You can import this module with the following:
How to Implement File Upload in Angular 9: Quick Tutorial
If you’re ready to try implementing file uploads with your Angular application you can try the following tutorial which uses the FormData and the HttpClientModule. This tutorial is adapted from a longer tutorial by Ahmed Bouchefra.
To get started with this tutorial, you’ll need the following:
A file sharing service like file.io or Dropbox
A development environment with Node.js 8.9+ and npm 5.5.1+
The Angular CLI
You can install this globally with npm install -g @angular/cli in your system CLI
1. Create New App and Start Development Server
To get started, you need to first create an application to handle uploads with. You can create a new application by entering the following into your terminal:
When you create this, you need to specify whether to add Angular routing (yes) and your stylesheet format (CSS).
Next, you need to start a local development server from your terminal:
This will start a server and return the local host address. Open the returned site in your browser to see your application.
2. Set up HttpClientModule
Initialize your project through the Angular CLI and import the HttpClientModule. To do this, you need to open your src/app/app.module.ts file. You can do this with the following:
3. Add Control Components and UI
To add UI control components you need to create a home and about components. You can add these in the terminal with the following:
To finish the UI, you can either create components manually or use additional modules like Angular Material. Whichever method you choose, you need to at least define your uploadFile() method and provide a button or submission method for your user.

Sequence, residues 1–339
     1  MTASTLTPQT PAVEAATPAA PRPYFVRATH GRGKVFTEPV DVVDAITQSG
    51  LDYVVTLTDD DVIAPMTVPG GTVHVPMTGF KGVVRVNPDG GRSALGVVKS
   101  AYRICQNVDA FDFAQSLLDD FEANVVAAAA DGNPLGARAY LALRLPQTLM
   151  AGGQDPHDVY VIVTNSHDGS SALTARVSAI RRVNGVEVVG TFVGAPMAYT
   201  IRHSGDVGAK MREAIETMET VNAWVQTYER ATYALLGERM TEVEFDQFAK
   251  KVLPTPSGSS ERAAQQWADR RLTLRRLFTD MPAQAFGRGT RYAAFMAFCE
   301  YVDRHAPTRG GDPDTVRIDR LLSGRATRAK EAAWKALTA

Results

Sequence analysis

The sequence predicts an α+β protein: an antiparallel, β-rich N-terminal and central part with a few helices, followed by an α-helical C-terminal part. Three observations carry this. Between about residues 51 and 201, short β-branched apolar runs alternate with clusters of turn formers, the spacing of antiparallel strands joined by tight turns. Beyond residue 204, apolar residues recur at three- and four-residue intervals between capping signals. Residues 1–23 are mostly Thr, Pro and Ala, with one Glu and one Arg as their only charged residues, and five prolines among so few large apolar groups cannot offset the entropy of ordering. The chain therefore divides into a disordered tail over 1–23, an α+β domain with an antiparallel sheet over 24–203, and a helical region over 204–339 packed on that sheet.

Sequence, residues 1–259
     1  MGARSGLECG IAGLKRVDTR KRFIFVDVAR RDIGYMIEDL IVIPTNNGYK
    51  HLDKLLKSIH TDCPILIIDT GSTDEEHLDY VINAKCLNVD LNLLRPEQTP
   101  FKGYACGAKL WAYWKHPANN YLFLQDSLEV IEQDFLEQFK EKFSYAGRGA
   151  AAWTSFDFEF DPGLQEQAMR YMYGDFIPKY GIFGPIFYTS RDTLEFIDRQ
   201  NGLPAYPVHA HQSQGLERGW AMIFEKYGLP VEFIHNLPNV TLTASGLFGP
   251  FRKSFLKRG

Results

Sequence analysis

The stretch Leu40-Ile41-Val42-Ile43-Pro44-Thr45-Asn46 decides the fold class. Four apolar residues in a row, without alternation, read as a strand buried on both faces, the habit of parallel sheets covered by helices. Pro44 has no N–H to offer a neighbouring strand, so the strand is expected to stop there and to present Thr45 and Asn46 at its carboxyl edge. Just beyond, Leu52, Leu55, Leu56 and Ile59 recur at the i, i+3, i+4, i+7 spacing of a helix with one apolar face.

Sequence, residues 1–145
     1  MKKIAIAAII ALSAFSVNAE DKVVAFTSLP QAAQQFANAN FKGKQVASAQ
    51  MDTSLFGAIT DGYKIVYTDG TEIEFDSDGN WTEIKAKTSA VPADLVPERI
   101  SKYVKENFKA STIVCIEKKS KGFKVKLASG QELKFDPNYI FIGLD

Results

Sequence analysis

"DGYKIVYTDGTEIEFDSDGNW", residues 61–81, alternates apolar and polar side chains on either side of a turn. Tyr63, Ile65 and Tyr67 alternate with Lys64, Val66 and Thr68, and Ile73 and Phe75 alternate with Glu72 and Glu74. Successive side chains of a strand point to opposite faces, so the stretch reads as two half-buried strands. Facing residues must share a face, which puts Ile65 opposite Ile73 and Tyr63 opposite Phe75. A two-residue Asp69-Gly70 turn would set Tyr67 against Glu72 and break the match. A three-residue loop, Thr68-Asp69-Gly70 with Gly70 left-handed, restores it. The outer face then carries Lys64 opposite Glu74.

You then need to add your components to your router via the following: src/app/app-routing.module.ts file.
4. Create Your Upload Service
First, you need to create your service with:
In the src/app/upload.service.ts file, add your imports and inject your HTTP client:
You also need to add your upload method which allows you to call the post method and send data to your upload server.
5. Define Your Upload Method
Once your service is created you need to define your upload method and add error handling. This is also where you can add progress bar elements and change your UI styling if you wish.
In the src/app/home/home.component.ts file, add your imports.
Now you can define your method and variables, and inject your upload service.
To enable users to submit files, you should also define an onClick() method to be tied to your submit button.
You can now test your application via the local browser to ensure that it functions as expected.
Hopefully, you now have enough information to experiment with Angular file upload components. If you’re new to the process, make sure to experiment in a test environment, or any place where you can safely learn from your mistakes. Continue experimenting and learning different types of approaches, until you’ll find a mix of methods that work best for you.